United States District Court, W.D. Missouri, Western Division
ORDER GRANTING DEFENDANTS' MOTION FOR SUMMARY
KAYS, CHIEF JUDGE.
action arises out of Plaintiff Rochelle Garrison's
(“Garrison”) employment with Defendant
Dolgencorp, LLC (“Dolgencorp”). Garrison claims
she was forced to resign her position because she was not
offered leave under the Family and Medical Leave Act
(“FMLA”). Garrison sued Dolgencorp and her
supervisor, Defendant Sandra Bell (“Bell”), for
violations of the FMLA, the Americans with Disabilities Act
(“ADA”), and the Missouri Human Rights Act
before the Court is Defendants' motion for summary
judgment (Doc. 74) and Defendants' motion to strike (Doc.
87). For the reasons set forth below, the Court GRANTS both
April 22, 2013, Garrison began working at a Dollar General
store as a full-time lead sales associate, reporting to the
store manager, Bell. Her position was one of four positions
that had keys to the store-known as key-holders. The other
key-holders were Bell, the assistant manager, and a part-time
lead sales associate. Because of the unique responsibilities
of key-holders, their vacations had to be coordinated so that
at least one key-holder was available to work each day. As it
relates to this motion, the assistant manager was scheduled
for vacation May 10 through May 16, 2014, and Bell was
scheduled for vacation May 15 through May 19, 2014.
Garrison was hired, she was issued an employee handbook. She
also had access to the handbook through an online system. The
handbook reviews the types of leave available and in three
separate sections directs employees interested in leave to
contact Matrix Absence Management (“Matrix”),
Dolgencorp's third-party leave administrator. In one
section, the handbook states, in boldface type: “To
request FMLA Leave, Company Medical Leave, or any other leave
of absence, you should notify your supervisor and immediately
contact Matrix . . . .” (Doc. 75-3 at 11). In a second
section: “After notifying his or her manager of the
need for leave, the employee should immediate initiate a
leave request with Matrix . . . .” (Id. at
27). In a third section, it repeats that in order to report
the need for leave and to initiate the approval process, the
employee must contact Matrix after notifying the
stated Garrison told her she suffered from anxiety,
depression, and headaches, and that she had seen a doctor for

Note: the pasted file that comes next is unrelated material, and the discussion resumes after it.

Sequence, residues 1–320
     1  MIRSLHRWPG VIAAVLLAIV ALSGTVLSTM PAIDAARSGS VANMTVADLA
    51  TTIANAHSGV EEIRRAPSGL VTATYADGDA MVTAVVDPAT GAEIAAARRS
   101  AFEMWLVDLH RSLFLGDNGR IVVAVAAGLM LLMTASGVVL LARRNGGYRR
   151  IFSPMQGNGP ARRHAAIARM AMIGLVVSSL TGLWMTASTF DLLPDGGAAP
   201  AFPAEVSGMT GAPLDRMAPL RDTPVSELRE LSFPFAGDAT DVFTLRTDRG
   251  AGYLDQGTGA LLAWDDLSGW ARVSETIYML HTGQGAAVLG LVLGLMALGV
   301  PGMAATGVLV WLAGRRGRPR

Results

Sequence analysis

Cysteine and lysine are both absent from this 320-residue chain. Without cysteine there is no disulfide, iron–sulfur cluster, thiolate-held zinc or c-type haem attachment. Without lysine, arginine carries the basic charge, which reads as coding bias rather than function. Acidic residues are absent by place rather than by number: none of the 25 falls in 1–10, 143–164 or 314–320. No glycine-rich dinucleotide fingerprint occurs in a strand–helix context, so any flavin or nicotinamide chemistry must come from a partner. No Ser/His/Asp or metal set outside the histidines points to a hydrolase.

visited her doctor's office several times from April to
June 2014 for different medical issues. On April 8, 2014,
Garrison was treated for sinus congestion, sore throat,
headaches, and a cough. At that visit, she stated she gets
headaches, and while she usually can continue working when
they occur at work, occasionally, they are so severe that
they require her to lie down. She was given two prescriptions
to address the headaches, one for tension headaches, and one
for migraine headaches. She was instructed to follow-up in
one month if her symptoms did not improve, otherwise in three
1, 2014, Garrison returned to her doctor's office for a
lump she found in her breast, headaches, and depression. As
for the headaches, she stated the medication works but that
it makes her tired; as for the depression, she stated she was
doing well but having an increase in anger and sad days. She
was asked to monitor the lump in her breast.
that visit, Garrison and Bell exchanged text messages.
Garrison asked: “How can I request a leave of
absence[?]” (Doc. 81-6 at 2). Bell responded that she
was not sure, that she would talk to the district manager,
and asked when Garrison wanted to take the leave. Garrison
“When ever u guy's [sic] get back from your
vacation so it's not putting u in a bind[.] I hate to
even do this but it's this way and try to figure out what
all is wrong with me or quit[, ] and I really don't want
that[.] I went to the dr today again and this is what me[, ]
bo [Garrison's husband, ] and dr decided was the best and
(Id.) Bell repeated that she would talk to the
district manager and agreed that it would be better if
Garrison could wait to take leave until after Bell and the
assistant manager were back from their scheduled vacations.
worked on May 3, 2014, and with Bell's approval, left
early that day. Garrison does not recall why she left early,
but Bell states it was a non-medical reason.
worked her scheduled shift on May 5, 2014, and that evening
sent Bell two text messages. In the first, Garrison asked
Bell if she had spoken with the district manager about a
leave of absence, and in the second asked if Bell was telling